Gratitude; Day 24, 25, and 26

Day 24: As I spent the last few days in Kuruman at 2 different guest houses, I can’t help but say how thankful I am for a shower. Bucket bathing is alright, but I never get 100% squeaky clean. Bathing in a gallon of water just doesn’t allow for it. So when I arrived in Kuruman, I was in the shower within 10 minutes or so of finding my room at the guest house. And over 2 nights, I had 3 showers and a bath. Running water is amazing, and a hot shower is a true blessing. PC has taught me to be incredibly thankful for showers, and I’ll never forget the 2 years I lived without running water! 🙂

Day 25: I came home from Kuruman today, and noticed a bunch of dead bugs on my floor. This made me happy. Why? They weren’t alive. And that brings me to another point: I am thankful for DOOM. DOOM is an insecticide that works amazingly well. I have DOOM powdered sprinkled under my bed where a Tarantula and Wind Scorpions like to hide, and I frequently spray DOOM to kill the flies and other insects. DOOM helps me keep my sanity, and helps me feel like my room isn’t likely to have a total infestation. Now, I’m sure I’ll find some horrible side effects from DOOM years from now, but at the moment, DOOM is a BFF.

Day 26: I am thankful for my stoven. What is a stoven? A stoven is a toaster oven with 2 burners on top, and a common item for SA PCVs. When I moved to site, I could’ve spent a few hundred rand on a double hotplate, but instead spent about R600 on a stoven. And boy am I glad! I enjoy baking cookies, making toast, roasting pumpkin seeds, or toasting a batch of croutons out of stale bread. It’s a small luxury I allow myself, and I appreciate this luxury a lot. Plus, saying “stoven” is a lot more fun than saying “hotplate”….just sayin’.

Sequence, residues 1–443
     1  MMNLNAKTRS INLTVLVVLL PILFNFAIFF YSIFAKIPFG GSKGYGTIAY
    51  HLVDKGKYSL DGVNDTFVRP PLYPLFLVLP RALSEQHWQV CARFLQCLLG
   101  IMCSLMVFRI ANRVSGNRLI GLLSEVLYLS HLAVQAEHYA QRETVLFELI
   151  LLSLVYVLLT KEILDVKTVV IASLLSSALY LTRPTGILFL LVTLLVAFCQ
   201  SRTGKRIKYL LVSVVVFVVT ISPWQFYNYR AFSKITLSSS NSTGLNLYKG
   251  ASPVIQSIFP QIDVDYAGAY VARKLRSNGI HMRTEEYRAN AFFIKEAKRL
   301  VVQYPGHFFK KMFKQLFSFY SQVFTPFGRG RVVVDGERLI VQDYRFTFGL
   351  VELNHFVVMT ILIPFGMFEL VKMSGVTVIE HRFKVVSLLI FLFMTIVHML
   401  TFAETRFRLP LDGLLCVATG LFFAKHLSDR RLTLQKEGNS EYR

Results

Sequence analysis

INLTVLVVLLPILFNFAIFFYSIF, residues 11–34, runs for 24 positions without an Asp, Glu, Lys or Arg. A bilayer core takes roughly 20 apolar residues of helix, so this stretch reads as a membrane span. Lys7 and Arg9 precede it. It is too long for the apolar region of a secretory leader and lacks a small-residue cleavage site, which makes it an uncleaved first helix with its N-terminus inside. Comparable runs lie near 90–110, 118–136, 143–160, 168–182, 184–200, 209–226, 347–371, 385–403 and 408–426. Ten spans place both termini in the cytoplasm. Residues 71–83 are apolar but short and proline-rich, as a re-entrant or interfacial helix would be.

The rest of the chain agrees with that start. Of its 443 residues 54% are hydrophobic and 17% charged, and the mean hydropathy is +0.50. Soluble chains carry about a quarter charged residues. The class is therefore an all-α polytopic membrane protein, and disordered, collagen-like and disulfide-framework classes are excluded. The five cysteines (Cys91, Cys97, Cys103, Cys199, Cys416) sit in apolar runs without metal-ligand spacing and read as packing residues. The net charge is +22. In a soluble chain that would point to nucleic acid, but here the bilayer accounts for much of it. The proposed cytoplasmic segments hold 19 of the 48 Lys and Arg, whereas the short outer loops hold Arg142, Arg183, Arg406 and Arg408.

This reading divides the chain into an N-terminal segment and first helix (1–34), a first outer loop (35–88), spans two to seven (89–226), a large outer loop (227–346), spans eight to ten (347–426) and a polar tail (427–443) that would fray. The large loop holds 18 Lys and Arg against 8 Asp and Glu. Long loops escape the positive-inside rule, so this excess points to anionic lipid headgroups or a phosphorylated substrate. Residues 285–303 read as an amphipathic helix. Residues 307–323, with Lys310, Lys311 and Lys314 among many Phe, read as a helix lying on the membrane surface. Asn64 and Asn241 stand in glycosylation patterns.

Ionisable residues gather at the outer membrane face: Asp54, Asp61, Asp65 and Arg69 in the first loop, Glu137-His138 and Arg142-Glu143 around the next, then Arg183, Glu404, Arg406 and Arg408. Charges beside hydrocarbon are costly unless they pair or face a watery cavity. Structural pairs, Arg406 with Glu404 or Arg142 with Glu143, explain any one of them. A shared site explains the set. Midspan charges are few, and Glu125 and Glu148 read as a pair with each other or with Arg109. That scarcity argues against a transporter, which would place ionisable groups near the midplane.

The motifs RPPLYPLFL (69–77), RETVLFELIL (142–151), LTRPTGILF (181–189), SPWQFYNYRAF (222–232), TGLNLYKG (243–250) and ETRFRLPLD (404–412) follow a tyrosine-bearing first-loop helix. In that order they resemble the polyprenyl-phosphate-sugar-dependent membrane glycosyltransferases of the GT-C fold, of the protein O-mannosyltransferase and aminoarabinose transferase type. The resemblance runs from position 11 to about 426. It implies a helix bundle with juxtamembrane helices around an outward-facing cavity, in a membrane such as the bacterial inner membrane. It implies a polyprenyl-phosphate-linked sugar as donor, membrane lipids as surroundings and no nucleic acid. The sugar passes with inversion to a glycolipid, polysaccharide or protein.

-Jen

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Waging War

The spider in my pan.

The spider in my pan.

I swear, this year I am waging war on the bugs in my room. Last year, I only dealt with small spiders, tiny flying roach things, an occasional dung beetle, and a multitude of flies. I usually let the things live, except flies. Actually, fly swatting was my main form of exercise.

This year is a different story. I came home from MST to see ants on my floor. ANTS! Ants can quickly infest a PCV’s room, so I located the entrance, swabbed the trail with vinegar, sprinkled the hole with baking soda, and DOOMed it all for good measure. It didn’t really work.

I’ve dealt with more spiders and bigger spiders this year. Spiders above my bed, a spider in my pan, a spider by my face, spiders under my pillow….this could be a sequel to “Snakes on a Plane”-“Spiders in my Room”. I’ve never seen that movie, btw. Everywhere turn around I find spiders larger than an inch ready to jump at me. I was ok sharing my room with spiders when they hid alongside my wardrobe or behind my fridge. But they have mustered the troops and invaded my space, so now I’m on the offensive. Usually I stage a two-pronged attack: a chemical attack (DOOM) quickly followed by a decisive tactical move (shoe).

Yesterday, after finding a large spider in my pan, I thought I had faced the worst of the day. So I settled into my evening activities, and while my glasses were off, I noticed something large and orangish scuttle across my room. By the time I had put my glasses on again, the “thing” had scuttled away, presumably to the only safe haven in my room: under my bed. I had no clue what the “thing” was, but knew I needed to kill it in order to sleep. I bbm’d a frantic cry to another PCV, warning her of the impending danger and making sure PC would know where to find my dead, envenomed body (not really, but I considered asking her to call PC if I didn’t message back). I armed myself (DOOM, broom, umbrella) and put on the proper battle gear (shoes), gave myself a pep talk (fought back tears) and pulled my bed out quickly and found…